• brandli62  On 06/13/2021 at 3:46 pm

    One more excellent article by Anne Applebaum for The Atlantic illustrating the fragility of democracy in Eastern Europe. The article carries important lessons for democracy in Guyana. Worth reading!

  • Clyde Duncan  On 06/14/2021 at 12:56 pm

    Protecting Democracy and Containing Autocracy

    Michael Hais, Doug Ross, and Morley Winograd | The Brookings Institution

    DEMOCRACY HAS BEEN UNDER INCREASING ASSAULT IN THE U.S. OVER THE COURSE OF THIS CENTURY.

    Sixty percent of white working-class Americans agreed with the statement that “because things have gotten so far off track in this country, we need a leader who is willing to break some rules if that’s what it takes to set things right.”

    Although only 40% of all Americans felt that way in 2017, almost 47% of them voted in 2020 to support a candidate for president who exhibited blatant authoritarian behavior. For the first time since the 1930’s, the competition between democracy and autocracy to determine how we will be governed in the future is in doubt.

    The view that this authoritarian threat can be defused by converting those who would abandon the Constitution “to get things done” through persuasion and empathy is contradicted by both social science and electoral fact.

    STUDY AFTER STUDY HAS DOCUMENTED THAT EFFORTS TO CHANGE POLITICAL OPINIONS THROUGH RATIONAL ARGUMENT AND THE DEPLOYMENT OF FACT CHANGES FEW MINDS AND OFTEN HARDENS OPINIONS INSTEAD.

    Nearly one hundred court rulings and the certification of the 2020 election results by all 50 states still leaves 77% of Republicans questioning the legitimacy of President Biden’s election based on supposed voter fraud.

    IF THERE ARE WORDS, FACTS, OR EMPATHY THAT CAN CHANGE THOSE VIEWS, NO CREDIBLE EVIDENCE TO SUPPORT THE STRATEGY HAS BEEN PRESENTED.

    A more hopeful strategy can be found in the contest between the U.S. and the Soviet Union after World War II. In his now famous “X article” in the July 1947 issue of Foreign Affairs, U.S. diplomat George Kennan publicly proposed defending democracy using a strategy of “CONTAINMENT”.

    Rather than aggressively pushing to overthrow the Soviet Union or believing that the Stalinist regime could be “charmed or talked out of existence”, Kennan argued that an authoritarian Soviet Union “be contained by the adroit and vigilant application of counter-force at a series of constantly shifting geographical and political points.”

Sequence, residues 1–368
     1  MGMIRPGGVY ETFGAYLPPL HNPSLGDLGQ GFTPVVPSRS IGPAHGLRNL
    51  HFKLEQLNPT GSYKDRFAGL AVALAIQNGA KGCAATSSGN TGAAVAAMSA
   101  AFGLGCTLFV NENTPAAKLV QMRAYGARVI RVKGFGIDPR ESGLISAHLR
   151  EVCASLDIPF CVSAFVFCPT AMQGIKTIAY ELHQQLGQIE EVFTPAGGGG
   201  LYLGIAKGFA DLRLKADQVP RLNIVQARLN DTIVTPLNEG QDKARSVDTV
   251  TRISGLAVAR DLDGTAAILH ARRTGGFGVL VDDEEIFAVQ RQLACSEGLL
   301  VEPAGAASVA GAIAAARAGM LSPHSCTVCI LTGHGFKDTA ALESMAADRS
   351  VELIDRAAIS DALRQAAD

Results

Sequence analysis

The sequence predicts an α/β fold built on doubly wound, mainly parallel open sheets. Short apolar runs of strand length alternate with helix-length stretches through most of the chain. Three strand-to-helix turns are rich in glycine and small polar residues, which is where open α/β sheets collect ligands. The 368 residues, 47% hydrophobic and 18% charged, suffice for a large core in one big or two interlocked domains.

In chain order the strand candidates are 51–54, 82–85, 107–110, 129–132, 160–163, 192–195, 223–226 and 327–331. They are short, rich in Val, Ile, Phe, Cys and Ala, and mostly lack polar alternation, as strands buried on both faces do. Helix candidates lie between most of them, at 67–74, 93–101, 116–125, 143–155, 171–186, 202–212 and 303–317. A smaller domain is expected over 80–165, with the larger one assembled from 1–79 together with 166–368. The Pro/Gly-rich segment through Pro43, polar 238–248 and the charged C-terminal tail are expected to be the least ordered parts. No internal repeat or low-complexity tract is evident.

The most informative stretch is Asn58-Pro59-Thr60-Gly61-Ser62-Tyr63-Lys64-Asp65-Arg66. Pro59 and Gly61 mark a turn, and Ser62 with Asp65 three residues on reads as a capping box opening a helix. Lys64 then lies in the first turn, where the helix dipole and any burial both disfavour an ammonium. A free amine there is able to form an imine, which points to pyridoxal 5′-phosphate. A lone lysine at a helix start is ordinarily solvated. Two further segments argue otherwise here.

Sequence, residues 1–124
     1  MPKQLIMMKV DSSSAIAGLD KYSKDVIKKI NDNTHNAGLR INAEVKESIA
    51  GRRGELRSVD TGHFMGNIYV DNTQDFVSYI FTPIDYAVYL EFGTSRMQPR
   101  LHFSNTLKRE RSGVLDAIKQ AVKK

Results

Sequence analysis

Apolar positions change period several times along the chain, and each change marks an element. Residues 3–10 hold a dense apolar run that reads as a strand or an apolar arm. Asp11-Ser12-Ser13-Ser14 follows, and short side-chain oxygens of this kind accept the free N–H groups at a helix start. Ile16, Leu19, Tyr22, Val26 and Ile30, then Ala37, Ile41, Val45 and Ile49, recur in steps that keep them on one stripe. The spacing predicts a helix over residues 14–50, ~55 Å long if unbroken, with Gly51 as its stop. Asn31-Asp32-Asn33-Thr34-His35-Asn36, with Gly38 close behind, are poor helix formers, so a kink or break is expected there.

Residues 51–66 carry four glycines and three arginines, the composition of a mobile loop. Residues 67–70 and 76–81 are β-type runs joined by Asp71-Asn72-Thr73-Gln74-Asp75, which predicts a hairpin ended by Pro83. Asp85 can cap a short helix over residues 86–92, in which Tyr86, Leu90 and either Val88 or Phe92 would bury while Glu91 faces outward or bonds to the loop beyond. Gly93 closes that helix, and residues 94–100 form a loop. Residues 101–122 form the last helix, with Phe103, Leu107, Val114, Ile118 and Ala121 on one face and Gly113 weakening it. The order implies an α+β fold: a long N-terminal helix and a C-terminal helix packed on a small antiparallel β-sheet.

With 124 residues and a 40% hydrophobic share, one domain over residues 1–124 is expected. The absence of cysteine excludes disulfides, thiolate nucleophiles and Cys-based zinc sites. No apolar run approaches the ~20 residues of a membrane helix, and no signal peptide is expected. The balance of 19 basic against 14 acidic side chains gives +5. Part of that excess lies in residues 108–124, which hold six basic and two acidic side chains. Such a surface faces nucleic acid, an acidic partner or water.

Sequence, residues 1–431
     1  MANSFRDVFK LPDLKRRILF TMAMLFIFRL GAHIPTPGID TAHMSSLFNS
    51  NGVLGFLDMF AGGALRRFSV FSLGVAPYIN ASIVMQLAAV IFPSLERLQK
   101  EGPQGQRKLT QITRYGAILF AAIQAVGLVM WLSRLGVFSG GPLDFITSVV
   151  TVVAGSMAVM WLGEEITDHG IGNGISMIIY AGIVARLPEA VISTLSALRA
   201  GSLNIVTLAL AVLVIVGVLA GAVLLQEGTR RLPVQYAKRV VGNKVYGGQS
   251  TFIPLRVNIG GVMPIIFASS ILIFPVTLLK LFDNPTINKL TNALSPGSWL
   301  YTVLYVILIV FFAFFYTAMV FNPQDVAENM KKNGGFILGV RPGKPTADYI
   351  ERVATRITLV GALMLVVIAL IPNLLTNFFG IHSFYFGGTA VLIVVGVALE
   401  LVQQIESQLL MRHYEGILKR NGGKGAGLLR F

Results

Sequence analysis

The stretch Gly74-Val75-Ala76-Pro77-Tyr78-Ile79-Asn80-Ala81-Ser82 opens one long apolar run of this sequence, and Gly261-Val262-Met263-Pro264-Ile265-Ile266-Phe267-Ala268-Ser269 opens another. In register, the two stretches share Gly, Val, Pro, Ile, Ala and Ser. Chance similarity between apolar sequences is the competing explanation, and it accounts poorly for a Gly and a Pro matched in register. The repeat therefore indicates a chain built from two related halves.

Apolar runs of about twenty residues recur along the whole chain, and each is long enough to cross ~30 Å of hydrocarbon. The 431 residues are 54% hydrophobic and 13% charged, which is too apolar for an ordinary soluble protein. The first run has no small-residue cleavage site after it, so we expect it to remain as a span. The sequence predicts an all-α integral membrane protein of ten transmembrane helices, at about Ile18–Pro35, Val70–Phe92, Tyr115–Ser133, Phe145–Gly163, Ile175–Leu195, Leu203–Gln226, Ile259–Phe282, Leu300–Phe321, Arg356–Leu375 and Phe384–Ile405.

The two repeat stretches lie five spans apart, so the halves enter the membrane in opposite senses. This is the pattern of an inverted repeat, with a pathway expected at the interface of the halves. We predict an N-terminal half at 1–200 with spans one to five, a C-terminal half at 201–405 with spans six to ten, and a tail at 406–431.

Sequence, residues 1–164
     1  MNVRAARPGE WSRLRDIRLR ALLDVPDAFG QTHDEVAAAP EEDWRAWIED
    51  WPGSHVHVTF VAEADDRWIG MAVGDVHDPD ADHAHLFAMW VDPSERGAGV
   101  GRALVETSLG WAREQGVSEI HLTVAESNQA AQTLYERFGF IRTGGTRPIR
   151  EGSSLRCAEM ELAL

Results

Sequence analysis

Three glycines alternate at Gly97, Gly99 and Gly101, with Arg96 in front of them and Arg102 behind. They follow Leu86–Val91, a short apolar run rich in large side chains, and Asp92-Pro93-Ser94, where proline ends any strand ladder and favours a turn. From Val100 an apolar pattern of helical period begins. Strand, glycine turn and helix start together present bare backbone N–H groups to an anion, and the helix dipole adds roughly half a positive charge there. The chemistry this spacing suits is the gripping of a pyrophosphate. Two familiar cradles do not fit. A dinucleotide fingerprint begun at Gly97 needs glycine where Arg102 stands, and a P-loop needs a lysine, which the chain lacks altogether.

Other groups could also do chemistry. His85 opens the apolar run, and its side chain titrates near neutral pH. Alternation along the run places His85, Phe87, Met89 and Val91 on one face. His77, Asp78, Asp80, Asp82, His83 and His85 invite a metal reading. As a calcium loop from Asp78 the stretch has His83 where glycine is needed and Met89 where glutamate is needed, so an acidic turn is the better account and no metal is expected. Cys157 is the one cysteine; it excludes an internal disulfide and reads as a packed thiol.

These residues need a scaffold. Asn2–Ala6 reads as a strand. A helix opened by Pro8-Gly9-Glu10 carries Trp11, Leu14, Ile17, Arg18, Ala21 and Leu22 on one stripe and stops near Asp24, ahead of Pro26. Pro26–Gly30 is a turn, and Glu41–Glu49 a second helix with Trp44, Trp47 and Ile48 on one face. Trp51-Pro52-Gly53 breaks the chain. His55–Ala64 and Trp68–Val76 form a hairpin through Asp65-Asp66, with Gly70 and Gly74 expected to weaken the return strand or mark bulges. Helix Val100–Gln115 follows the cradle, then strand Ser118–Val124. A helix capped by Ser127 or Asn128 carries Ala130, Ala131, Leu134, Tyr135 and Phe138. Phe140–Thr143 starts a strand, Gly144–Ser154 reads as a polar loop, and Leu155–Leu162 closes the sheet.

The foundation of his proposal was the belief that the contradictions inherent in Soviet party rule would ultimately lead to collapse of the system or at least its considerable mellowing if denied opportunities for expansion.

    EMPLOYING CONTAINMENT RATHER THAN CONVERSION AS A STRATEGY FOR PREVENTING THE DEVELOPMENT OF AUTHORITARIAN GOVERNANCE HERE AT HOME OFFERS A SERIES OF POWERFUL ADVANTAGES:

    THOSE PROPOSING AUTOCRACY OVER DEMOCRACY REMAIN A MINORITY.

    Over sixty percent of Americans believe the 2020 presidential election was fair.

    Containment does not rely on changing the political opinions of millions of Americans, a proposition which ought to be pursued, but for which no credible action plan exists.

    DEFENSE OF DEMOCRACY DOESN’T REQUIRE CONVERTS, ONLY HOLDING THE LINE.

    In the present day, the foundation that supports a domestic containment strategy is more concrete than Kennan’s speculative assertion that the Soviet Union would inevitably collapse under its own contradictions. It rests on the existing political and cultural views of the rising electoral generations of Millennials (Gen Y), born in the last two decades of the 20th century and Plurals (Gen Z), born in the first two decades of this century.

    Demographics are not an “invisible hand” insuring the victory of liberal democracy over autocracy. However, on the research-based assumption that current cultural and civic generational views are usually an indicator of a generation’s future outlook, the polled opinions of our two newest generations provide some long-term optimism.

    We start with the view that fears of white displacement and of new cultural values that are undermining the perceived essence of “Americanism”, NOT economics, are the major drivers of those most willing to work outside inherited constitutional rules and norms.

    ANXIETY AND ANGER OVER THE COMING LOSS OF A WHITE MAJORITY are reflected in opinions about racial diversity that vary widely by generation. Sixty-two percent of Plurals and 61% of Millennials think that increasing racial and ethnic diversity is good for America, compared to 48% of Boomers and 41% of the even older Silent generation. Plural Republicans are also much more likely than their older GOP counterparts to agree with this statement.

    IT IS TIME TO ABOLISH THE ELECTORAL COLLEGE

    Similar generational gaps exist on the issue of whether immigrants are a benefit or a burden to the country with 75% of Millennials saying they are a benefit compared to 52% of Boomers and 44% of Silents.

    A majority (53%) of both younger generations believe that “people of different races marrying each other” is a good thing as opposed to 30% of Boomers and 20% of Silents — further evidence that the ascending electorate is hardly afraid of the pollution of white culture and blood by “others”.

    While it is not always true that as the generational “twig is bent, the tree’s inclined”, the attitudes towards race of America’s two youngest generations offer hope that time may be on our side in pursuing a containment strategy.

    A CONTAINMENT ACTION AGENDA

    A domestic containment strategy offers a number of actions that those who want to defend democracy can take now, without having to wait for demographics to defeat domestic authoritarianism.